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Excerpt from Oral History Interview with Nell Putnam Sigmon, December 13, 1979. Interview H-0143. Southern Oral History Program Collection (#4007) See Entire Interview >>

Changing standards of behavior for young women

Sigmon describes what single life had been like for her before she married and contrasts that to the way she sees young women acting at the time of the interview.

Citing this Excerpt

Oral History Interview with Nell Putnam Sigmon, December 13, 1979. Interview H-0143. Southern Oral History Program Collection (#4007) in the Southern Oral History Program Collection, Southern Historical Collection, Wilson Library, University of North Carolina at Chapel Hill.

Full Text of the Excerpt

JACQUELYN HALL:
Did you find that you were better satisfied?
NELL PUTNAM SIGMON:
Well, yes, in lots of ways. I think a girl at twenty-seven, she's pretty settled anyway. Or I was. In fact, I had several friends that was married that I worked with, and I don't know; I just was a settled type of girl.
JACQUELYN HALL:
What do you mean by "settled"?
NELL PUTNAM SIGMON:
Well, I don't know. I just didn't go a lot, and I stayed around home. Nothing but the church work, is all, and my girlfriends would come in and spend the weekend with me or something like that. We'd go to church together. I'd go spend the night with them on Saturday night and go to church with them. That was about all there was to do around here during the War.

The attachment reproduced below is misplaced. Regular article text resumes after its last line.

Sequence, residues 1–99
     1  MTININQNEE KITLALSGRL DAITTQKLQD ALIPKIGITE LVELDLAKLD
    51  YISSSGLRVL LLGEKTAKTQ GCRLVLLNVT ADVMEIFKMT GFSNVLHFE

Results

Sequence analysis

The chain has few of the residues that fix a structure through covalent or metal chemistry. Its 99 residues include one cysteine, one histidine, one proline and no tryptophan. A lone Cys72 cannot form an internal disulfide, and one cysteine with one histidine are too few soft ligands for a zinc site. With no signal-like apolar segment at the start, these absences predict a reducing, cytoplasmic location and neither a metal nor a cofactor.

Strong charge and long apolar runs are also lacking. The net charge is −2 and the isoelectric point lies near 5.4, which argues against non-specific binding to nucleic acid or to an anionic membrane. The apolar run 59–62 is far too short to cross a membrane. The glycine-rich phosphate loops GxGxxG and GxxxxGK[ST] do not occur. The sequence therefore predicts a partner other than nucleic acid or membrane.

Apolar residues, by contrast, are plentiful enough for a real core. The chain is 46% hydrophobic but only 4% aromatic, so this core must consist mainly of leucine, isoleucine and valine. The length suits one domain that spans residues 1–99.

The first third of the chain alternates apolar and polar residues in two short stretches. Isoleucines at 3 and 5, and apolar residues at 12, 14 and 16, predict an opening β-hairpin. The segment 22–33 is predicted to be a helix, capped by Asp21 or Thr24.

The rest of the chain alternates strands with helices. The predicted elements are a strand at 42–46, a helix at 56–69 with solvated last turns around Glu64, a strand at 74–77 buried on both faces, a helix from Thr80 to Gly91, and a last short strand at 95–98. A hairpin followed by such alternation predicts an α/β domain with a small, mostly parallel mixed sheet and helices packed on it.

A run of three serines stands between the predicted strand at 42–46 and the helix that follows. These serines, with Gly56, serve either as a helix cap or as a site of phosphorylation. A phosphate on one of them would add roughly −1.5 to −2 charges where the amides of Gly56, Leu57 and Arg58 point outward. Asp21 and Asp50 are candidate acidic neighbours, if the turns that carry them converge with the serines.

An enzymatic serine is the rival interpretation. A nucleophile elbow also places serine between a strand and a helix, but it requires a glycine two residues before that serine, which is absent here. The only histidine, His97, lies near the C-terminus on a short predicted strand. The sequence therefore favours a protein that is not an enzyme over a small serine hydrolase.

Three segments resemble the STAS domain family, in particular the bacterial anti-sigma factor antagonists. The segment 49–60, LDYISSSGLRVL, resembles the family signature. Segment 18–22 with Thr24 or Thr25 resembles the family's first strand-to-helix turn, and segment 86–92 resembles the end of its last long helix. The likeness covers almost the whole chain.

JACQUELYN HALL:
Would you sit up and talk at night?
NELL PUTNAM SIGMON:
Yes. And one of their brothers played the piano. Oh, he was really good. We'd play the piano and sing. Girls didn't do like they do now, get out and drink and all that. You know, the girls are so different.
JACQUELYN HALL:
You think the girls are a lot different now?
NELL PUTNAM SIGMON:
Oh, yes, indeed. Why, we didn't drink or smoke or anything like that. Of course, there might have been some that did back then, but I just didn't go with that type of girls.